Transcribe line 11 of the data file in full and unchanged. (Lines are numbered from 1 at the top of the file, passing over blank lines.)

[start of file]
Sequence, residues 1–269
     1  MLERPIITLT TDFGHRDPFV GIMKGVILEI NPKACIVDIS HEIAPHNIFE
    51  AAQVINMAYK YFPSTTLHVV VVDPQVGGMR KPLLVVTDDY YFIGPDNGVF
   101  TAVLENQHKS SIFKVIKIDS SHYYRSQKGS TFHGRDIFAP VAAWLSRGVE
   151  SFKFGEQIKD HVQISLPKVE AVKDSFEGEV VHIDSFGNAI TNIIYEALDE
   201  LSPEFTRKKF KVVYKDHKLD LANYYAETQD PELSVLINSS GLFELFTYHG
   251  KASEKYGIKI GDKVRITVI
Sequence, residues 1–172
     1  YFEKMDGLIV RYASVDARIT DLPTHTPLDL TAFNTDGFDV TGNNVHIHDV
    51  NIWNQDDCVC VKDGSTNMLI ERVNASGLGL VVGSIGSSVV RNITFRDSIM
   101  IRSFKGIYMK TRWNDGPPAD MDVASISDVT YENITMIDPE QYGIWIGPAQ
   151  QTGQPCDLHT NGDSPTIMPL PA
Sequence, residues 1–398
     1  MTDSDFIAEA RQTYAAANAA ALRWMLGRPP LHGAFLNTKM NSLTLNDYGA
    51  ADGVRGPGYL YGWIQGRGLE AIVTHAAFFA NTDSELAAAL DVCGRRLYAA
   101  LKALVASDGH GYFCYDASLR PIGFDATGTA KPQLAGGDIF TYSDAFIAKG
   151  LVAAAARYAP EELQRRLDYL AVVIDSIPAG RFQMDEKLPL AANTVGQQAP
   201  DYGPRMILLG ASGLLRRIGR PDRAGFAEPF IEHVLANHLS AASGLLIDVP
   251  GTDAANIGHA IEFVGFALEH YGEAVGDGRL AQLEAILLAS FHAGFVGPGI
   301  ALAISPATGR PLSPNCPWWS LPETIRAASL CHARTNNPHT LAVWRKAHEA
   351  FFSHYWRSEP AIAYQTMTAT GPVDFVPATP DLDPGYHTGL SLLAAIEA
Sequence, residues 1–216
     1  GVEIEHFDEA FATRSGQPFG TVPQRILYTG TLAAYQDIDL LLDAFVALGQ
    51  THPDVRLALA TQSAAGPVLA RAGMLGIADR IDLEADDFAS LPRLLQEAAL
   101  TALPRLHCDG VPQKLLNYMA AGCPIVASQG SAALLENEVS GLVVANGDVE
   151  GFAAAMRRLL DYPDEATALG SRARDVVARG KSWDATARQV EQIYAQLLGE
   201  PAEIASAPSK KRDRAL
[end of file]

   101  IRSFKGIYMK TRWNDGPPAD MDVASISDVT YENITMIDPE QYGIWIGPAQ